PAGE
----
Whatever the cause, I have NEVER had a micro USB die on me. Micro USB cables are also much cheaper than lightning cables. Finally, all of my other electronics use micro USB (Chromecast, Android phones, Kindles, cameras, etc.) which is awesome! I can have a single cable in my car that charges all of my gadgets (except my wife's stupid iPhone of course). For those three reasons, micro USB is far superior to lightning. Being able to insert the stupid cable either way doesn't come close to outweighing the benefits of micro USB I just listed.
    Reply
  • mrochester - Tuesday, September 30, 2014 - link

    And to respond to that, I've never had any Apple cables, whether it be the old dock connector or lighting cables and ports, break. Contrary to that, my sister's USB port in her Galaxy S3 broke, her Samsung charger ended up with bent pins and my partner's Samsung Galaxy S2 charger ended up fraying at the micro USB end. Reply
  • mrochester - Tuesday, September 30, 2014 - link

    Of course, being able to insert the cable in any orientation and it being more reliable makes the benefits of the lighting connector far outweigh micro USB. Reply
  • grayson_carr - Tuesday, September 30, 2014 - link

    Well, since reliability could go either way depending on your luck, we have...

    1) Being able to insert the cable in any orientation

    vs.

    1) Much lower price
    2) A standard that is compatible with many more devices (Cameras, e-readers, Android phones and tablets, Windows phones and tablets, hard drives, portable speakers, etc., etc., etc.)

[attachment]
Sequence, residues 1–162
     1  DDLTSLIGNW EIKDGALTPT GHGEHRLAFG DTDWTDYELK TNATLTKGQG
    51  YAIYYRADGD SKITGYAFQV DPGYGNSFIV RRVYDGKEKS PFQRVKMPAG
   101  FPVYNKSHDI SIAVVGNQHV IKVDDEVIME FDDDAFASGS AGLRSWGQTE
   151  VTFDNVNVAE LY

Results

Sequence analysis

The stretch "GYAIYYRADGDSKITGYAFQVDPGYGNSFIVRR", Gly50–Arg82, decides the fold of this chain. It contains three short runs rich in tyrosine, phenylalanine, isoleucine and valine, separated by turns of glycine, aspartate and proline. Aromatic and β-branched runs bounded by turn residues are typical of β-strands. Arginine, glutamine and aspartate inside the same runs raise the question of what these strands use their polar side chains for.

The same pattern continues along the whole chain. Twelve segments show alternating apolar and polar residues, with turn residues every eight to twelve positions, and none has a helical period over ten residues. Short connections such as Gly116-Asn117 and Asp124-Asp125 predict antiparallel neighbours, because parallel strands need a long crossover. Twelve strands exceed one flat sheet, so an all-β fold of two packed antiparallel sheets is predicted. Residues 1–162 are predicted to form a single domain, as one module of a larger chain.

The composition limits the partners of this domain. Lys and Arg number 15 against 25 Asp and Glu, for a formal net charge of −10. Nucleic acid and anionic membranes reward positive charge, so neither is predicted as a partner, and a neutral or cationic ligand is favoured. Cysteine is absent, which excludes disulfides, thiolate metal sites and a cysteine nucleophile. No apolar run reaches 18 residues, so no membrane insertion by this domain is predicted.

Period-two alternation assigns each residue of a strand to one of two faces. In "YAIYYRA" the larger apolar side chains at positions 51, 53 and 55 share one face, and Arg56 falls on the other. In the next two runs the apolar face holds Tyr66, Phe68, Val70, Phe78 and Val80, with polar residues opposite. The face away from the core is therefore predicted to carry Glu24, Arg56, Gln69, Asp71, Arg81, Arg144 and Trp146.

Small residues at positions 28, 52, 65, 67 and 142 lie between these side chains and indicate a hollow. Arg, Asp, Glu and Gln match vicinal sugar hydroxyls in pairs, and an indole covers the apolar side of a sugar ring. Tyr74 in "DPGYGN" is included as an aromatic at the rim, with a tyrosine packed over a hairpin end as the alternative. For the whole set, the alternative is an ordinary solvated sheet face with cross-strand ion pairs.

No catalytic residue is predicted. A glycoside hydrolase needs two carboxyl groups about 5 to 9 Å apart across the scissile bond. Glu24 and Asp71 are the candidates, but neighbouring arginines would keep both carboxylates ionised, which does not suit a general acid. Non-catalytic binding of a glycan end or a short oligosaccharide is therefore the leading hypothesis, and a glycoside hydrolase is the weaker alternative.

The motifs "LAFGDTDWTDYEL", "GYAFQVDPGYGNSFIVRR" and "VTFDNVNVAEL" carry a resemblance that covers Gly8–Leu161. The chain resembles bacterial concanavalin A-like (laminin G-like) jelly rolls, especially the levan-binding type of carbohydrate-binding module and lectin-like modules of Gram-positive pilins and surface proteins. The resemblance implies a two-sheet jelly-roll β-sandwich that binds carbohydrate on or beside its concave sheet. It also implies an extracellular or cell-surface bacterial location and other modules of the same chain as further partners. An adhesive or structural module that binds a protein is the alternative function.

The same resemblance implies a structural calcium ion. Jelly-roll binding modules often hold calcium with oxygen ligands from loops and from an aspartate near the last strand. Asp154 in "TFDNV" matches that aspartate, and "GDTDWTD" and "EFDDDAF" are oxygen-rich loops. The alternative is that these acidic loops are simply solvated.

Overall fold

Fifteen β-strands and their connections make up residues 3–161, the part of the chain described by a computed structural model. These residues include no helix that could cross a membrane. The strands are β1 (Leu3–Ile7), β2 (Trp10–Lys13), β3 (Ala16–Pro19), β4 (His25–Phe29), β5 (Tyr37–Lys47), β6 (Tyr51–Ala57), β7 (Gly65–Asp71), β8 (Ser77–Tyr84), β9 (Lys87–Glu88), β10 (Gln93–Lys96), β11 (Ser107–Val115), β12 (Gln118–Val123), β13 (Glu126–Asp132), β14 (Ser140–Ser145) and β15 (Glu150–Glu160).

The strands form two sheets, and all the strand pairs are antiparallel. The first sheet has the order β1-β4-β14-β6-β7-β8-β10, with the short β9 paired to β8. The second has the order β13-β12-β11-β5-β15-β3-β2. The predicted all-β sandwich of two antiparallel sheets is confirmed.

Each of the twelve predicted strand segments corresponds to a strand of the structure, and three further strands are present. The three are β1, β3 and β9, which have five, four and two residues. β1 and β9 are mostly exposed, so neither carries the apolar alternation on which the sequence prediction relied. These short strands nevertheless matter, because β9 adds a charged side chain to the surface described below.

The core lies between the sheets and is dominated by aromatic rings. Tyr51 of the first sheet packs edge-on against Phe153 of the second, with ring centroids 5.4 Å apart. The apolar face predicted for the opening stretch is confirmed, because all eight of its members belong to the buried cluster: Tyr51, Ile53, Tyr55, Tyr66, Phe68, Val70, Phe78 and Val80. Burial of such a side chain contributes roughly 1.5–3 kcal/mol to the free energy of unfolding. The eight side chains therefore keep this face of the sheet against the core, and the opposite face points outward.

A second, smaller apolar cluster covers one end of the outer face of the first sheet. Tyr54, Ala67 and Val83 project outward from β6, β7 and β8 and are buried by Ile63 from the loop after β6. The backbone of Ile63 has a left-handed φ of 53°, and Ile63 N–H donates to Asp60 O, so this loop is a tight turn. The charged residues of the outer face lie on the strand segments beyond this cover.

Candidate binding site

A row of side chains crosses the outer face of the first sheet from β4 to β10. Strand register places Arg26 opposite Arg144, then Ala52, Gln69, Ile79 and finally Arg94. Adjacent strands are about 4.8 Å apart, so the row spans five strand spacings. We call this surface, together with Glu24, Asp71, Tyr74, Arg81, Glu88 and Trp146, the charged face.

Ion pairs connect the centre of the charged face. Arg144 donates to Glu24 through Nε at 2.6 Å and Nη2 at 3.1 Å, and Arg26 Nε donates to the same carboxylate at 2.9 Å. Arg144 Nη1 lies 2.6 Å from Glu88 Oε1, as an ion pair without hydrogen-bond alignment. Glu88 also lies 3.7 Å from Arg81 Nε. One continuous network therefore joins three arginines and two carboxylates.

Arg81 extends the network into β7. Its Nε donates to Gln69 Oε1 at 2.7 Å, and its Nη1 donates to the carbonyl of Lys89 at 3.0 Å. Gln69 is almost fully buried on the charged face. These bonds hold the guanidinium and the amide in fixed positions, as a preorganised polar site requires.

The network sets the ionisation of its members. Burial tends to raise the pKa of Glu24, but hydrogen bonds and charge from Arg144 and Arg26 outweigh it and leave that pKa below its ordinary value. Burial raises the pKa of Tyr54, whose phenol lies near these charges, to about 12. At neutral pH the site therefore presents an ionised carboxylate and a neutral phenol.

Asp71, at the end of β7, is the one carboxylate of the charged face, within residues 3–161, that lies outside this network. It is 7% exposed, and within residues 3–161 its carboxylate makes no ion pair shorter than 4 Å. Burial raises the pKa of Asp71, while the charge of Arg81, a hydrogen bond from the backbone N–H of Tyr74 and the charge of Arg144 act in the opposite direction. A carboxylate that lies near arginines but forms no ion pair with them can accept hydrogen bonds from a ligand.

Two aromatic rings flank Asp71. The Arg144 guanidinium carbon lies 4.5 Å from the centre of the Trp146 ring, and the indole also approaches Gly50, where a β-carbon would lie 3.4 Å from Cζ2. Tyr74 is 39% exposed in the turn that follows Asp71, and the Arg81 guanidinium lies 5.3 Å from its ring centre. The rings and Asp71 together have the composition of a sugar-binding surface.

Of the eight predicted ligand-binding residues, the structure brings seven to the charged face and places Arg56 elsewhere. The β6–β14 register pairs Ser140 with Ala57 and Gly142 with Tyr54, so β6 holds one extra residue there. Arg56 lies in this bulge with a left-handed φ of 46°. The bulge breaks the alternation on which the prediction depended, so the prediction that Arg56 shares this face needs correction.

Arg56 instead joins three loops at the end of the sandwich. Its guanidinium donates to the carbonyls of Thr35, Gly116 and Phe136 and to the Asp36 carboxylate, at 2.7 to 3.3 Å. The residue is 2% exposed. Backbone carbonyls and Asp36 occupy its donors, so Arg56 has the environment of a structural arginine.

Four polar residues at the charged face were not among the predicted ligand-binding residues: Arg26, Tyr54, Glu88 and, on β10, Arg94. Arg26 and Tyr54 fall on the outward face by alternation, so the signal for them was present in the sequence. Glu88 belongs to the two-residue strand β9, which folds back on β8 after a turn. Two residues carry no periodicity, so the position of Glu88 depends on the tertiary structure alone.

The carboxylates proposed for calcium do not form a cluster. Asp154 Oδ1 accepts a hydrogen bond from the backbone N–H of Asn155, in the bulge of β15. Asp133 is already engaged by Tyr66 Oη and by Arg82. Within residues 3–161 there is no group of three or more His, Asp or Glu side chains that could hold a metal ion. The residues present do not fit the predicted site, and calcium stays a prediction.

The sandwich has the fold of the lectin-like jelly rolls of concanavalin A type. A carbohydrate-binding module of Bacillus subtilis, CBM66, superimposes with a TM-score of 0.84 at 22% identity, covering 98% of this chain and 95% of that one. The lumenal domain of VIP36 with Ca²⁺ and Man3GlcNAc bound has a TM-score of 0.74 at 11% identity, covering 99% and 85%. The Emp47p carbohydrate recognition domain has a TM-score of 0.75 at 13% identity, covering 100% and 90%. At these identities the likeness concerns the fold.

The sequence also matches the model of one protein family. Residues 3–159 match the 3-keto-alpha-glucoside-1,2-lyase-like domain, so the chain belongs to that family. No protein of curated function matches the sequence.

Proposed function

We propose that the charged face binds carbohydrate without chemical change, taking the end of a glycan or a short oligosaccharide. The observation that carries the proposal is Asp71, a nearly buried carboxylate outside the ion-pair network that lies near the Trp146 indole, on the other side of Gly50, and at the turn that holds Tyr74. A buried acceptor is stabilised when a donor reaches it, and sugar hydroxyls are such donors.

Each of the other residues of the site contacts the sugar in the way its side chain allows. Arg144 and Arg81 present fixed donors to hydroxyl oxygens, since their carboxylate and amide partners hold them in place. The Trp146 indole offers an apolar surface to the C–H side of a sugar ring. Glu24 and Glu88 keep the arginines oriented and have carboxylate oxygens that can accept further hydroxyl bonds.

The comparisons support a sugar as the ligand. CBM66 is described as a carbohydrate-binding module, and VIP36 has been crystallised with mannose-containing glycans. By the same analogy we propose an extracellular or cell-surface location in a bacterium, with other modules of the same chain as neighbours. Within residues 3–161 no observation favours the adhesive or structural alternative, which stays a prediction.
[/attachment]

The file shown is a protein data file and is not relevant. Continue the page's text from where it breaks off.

I would take the bottom two benefits any day over the top single benefit. Imagine if every company was as stubborn as Apple and designed their own cable. I would have to have 20 different types of cables lying around my house and it would be a HUGE pain trying to find the correct cable for the device. Instead, I can have one or two micro USB cables that can work with pretty much anything in my house, excluding iOS devices of course. That principle alone is enough to make me dislike Apple's lightning cable. Standards are a good thing. Proprietary sucks. Thank God other companies haven't followed Apple's footsteps in that regard yet. If they ever do, we're all screwed.
    Reply
  • mrochester - Wednesday, October 1, 2014 - link

    And I'd take the top one over the two things you listed. Having loads of micro-USB cables that are used by absolutely no devices in my house (my Canon camera is mini USB) isn't a whole lot of use. There's no need to have 20 different cables lying around your house, just 2. Your lightning cables for your iPad and iPhone, and a micro-USB cable for everything else that's stuck in 2012. Reply
  • GerryS - Wednesday, October 1, 2014 - link

    I agree. The reversability is nice, but not much of a feature to me. Every other cable I use, except circular power connectors, requires a specific orientation. It never takes more than two tries to find the right one. Reply
  • techconc - Thursday, October 2, 2014 - link

    @grayson_carr - Your argument falls apart in multiple places. For starters, you assume reversibility is the only advantage of the lightning cable. It's not. The lightning cable allows for 12W charging while USB is limited to just 9W. Further, you mention the ubiquity of the USB cable as if there is just one type of USB cable. I seem to have a variety of USB types of cables including micro, mini, Type A and Type B (not to mention other proprietary variants) around the house. Please explain to me how this "standard" is working any better for me or the public in general? Reply
  • grayson_carr - Tuesday, September 30, 2014 - link

    By the way, if you're in the same boat as me, I have a tip... buy your lightning cables at RadioShack. You can buy insurance on them and it will then only cost $2 to get a replacement when they inevitably stop working. Reply